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Noonan’s Notes Blog

About This Blog

Noonan’s Notes Blog is written by a team of Hodgson Russ tax attorneys led by the blog’s namesake, Tim Noonan. Noonan’s Notes Blog regularly provides analysis of and commentary on developments in the world of New York and multistate tax law. Noonan's Notes Blog is a winner of CreditDonkey's Best Tax Blogs Award 2017.

Contributors

Timothy Noonan 
Ariele Doolittle
Joseph Endres
Daniel Kelly
Elizabeth Pascal 
Craig Reilly
Andrew Wright 

Showing 4 posts from August 2015.

Another Significant Development in the Statutory Residency Area!

Trap in tax lawThere are always “traps” in the tax law, where taxpayers unwittingly walk into a tax problem that they didn’t see coming. In the residency area, some taxpayers often got trapped on a move-in or move-out situation, with the Tax Department taking the position that “statutory residency” trumps “domicile.” Thus, a taxpayer who didn’t move into New York until, say, August of a particular tax year still could be taxed as a full-year resident if he or she ran afoul of New York’s statutory residency test (i.e., the taxpayer maintained a permanent place of abode for almost the whole year and spent more than 183 days in the state). Indeed, the Nonresident Audit Guidelines (see page 64) contained a whole section about this.

Guess what? We may have closed this trap! 

Hard Hats Required: Sales Taxes & Capital Improvements - Some Practical Pointers

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Businessman holding hard hatWe recently authored an article in State Tax Notes analyzing New York’s complicated rules affecting sales taxation of contractor services and capital improvements. In this follow-up post, we want to highlight a few practical problems and issues that taxpayers frequently confront by taking a look at several recently litigated cases involving capital improvements.

Businesses become entangled in these rules quite often. The rules themselves are complicated, and the answer to the question “Is this subject to tax?” nearly always depends upon the specific facts. For anyone who is sitting down to perform a client’s or company’s weekly bookkeeping or, worse, for those who are facing an audit, we can draw a few useful lessons by looking at the recent misfortune of others.  A quick survey reveals that, so far this year, at least four different cases involving claims of capital improvements went all the way to trial and were litigated in New York.  In each case the auditor – not the taxpayer – won.  Let’s take a quick peek at these cases to see why.

What’s So Interesting About Interest Rates?

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A pile of money representing compounded interestFor those of us who regularly handle state audits, the focus is usually on the legal or factual arguments as to why no additional taxes are due. And it’s great when our clients can walk away with no additional taxes to pay. But in many cases, a “win” means negotiating a reasonable settlement of a difficult issue. In those cases, the final bill can come as a shock to taxpayers, once interest is included. Particularly with interest rates at historical lows, we expect those low rates to carry over to our tax bills. For the IRS and states that base their interest rate on the federal short-term rate or a similar metric, that’s true. The current IRS interest rate on individual underpayments and overpayments is 3%—not so bad.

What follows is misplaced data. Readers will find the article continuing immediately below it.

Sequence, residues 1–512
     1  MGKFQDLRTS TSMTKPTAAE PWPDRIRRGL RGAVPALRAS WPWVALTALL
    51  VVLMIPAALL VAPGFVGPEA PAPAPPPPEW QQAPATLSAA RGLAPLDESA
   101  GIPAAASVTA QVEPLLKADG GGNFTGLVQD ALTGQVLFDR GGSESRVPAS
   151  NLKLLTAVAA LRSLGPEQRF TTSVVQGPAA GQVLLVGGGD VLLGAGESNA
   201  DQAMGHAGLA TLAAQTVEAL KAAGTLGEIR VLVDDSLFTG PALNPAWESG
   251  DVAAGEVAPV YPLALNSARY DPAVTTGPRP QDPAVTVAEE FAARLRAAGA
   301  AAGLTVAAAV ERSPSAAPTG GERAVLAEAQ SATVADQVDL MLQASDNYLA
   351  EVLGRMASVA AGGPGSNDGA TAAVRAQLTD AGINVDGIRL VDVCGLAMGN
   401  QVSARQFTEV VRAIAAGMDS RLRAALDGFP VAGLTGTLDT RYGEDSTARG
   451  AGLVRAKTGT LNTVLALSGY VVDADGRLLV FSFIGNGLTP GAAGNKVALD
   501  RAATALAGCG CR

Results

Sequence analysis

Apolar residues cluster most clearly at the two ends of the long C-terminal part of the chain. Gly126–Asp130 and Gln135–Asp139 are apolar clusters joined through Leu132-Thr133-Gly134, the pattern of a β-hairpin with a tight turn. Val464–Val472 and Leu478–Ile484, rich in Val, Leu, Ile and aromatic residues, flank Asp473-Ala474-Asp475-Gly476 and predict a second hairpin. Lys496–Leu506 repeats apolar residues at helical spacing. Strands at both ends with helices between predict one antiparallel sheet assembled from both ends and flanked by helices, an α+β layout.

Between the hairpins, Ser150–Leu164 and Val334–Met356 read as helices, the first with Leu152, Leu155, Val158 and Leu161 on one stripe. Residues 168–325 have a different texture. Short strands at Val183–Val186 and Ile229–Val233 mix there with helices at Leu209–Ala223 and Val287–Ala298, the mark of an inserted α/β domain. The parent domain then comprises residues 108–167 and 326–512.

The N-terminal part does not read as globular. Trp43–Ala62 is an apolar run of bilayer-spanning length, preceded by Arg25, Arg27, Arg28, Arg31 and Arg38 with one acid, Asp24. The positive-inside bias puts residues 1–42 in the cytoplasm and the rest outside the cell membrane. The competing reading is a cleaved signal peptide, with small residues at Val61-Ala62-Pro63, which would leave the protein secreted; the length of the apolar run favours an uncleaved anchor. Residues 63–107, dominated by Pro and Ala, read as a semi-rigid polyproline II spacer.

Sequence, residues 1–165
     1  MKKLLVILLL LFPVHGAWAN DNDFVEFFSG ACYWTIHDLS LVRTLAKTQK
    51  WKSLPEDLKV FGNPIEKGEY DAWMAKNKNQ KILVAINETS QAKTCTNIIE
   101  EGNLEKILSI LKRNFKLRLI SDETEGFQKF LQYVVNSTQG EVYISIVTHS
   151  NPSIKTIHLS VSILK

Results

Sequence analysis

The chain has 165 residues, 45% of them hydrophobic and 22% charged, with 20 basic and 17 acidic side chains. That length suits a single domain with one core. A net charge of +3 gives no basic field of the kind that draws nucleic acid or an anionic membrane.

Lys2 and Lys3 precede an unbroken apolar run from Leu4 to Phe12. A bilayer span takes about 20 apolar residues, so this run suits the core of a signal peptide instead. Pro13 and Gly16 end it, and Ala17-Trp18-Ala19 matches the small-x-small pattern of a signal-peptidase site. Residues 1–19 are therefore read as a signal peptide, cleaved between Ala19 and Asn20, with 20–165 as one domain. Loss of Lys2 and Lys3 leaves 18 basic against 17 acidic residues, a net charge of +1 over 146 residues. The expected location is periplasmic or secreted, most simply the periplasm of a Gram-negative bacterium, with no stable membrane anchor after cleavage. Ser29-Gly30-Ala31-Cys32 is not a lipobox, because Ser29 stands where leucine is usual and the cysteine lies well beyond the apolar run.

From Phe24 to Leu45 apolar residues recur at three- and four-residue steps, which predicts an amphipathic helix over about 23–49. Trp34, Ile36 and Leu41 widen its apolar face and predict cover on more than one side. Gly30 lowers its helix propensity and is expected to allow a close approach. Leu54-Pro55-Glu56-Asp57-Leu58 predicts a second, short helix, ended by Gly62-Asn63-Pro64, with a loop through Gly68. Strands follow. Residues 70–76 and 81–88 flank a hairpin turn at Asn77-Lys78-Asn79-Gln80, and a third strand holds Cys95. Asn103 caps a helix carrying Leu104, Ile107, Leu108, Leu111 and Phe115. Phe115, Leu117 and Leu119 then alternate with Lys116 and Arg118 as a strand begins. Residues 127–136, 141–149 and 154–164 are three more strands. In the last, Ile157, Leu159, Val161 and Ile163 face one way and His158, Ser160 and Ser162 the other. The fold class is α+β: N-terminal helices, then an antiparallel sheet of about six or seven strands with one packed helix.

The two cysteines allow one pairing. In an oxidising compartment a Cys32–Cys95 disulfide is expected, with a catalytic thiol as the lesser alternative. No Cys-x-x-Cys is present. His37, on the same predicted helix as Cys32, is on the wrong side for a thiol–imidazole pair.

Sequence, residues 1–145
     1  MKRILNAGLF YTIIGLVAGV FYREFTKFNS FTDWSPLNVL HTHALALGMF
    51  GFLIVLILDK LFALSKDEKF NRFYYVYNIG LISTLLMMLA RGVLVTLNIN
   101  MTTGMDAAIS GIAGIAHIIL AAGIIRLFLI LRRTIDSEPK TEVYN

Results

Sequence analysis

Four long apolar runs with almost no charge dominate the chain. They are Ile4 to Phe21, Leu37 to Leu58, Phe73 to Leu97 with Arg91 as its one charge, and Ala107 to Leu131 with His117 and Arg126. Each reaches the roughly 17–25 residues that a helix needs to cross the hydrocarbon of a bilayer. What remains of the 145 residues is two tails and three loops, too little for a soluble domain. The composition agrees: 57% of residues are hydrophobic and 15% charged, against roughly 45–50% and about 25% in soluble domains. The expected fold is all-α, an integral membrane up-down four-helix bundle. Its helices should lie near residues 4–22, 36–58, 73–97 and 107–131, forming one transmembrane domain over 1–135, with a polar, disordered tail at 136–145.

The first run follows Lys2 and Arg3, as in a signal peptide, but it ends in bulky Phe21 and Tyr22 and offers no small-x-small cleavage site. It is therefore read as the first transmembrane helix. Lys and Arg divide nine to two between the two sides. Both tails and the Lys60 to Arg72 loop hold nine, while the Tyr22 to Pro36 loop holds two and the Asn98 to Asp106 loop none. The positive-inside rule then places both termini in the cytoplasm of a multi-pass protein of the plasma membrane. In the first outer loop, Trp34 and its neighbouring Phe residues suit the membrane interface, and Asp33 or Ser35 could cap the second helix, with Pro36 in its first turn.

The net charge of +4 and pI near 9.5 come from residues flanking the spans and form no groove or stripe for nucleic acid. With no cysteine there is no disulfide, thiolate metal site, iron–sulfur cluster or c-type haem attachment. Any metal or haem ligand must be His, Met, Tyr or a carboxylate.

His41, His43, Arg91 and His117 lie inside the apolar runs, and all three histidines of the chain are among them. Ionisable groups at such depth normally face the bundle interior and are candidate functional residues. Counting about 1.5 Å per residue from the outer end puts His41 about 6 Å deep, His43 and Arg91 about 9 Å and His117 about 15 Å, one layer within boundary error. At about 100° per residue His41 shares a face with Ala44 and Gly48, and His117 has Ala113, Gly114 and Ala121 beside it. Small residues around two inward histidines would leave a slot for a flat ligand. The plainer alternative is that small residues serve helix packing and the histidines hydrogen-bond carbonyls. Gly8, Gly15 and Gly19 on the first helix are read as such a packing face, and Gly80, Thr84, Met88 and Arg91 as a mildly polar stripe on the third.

But states are by no means required to follow the IRS on interest rates, although quite a few do. Some states may start with the IRS underpayment rate but then tack on a few percentage points (e.g. Virginia adds 2%). Other states, such as North Carolina (5%), Kansas (4%), Michigan (4.25%), and Oregon (4%), also keep their rates in line with overall interest rates.

Out-of-State Attorney Not Subject to New York State Income Tax

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Map of New York StateWe have all heard the jokes. “How many lawyers does it take to screw in a light bulb?” “Why won’t sharks attack lawyers?” “What’s the difference between an accountant and a lawyer?” Or, “How many lawyer jokes are there?” Well, actually, the last one’s easy. Only three. The rest are true stories.

But despite the general public’s lampooning of attorneys, New York State taxpayers might have found a lawyer they can celebrate (in addition, of course, to their friends at Hodgson Russ). Meet Patrick J. Carr, a retired New York State attorney living in Florida. Last month, a state administrative law judge (ALJ) ruled that Mr. Carr did not have to pay a $68,000 tax bill for services rendered in Florida. Mr. Carr was a member of the New York and New Jersey state bars and was admitted pro hac vice in Florida (for non-lawyer readers, “pro hac vice” is a fancy Latin way of saying that an attorney who has not been admitted to practice in a certain jurisdiction is permitted to help litigate a particular case in that state). And although Mr. Carr did not perform any services or maintain any office in the state, New York attempted to tax his income solely because of his New York law license. Are you starting to root for Mr. Carr? Thankfully, however, ALJ Barbara Russo dismissed the state’s position and announced that “merely holding a license to practice in New York is not the equivalent of carrying on a profession in New York state.” So why did New York think that it had the right to tax Mr. Carr?

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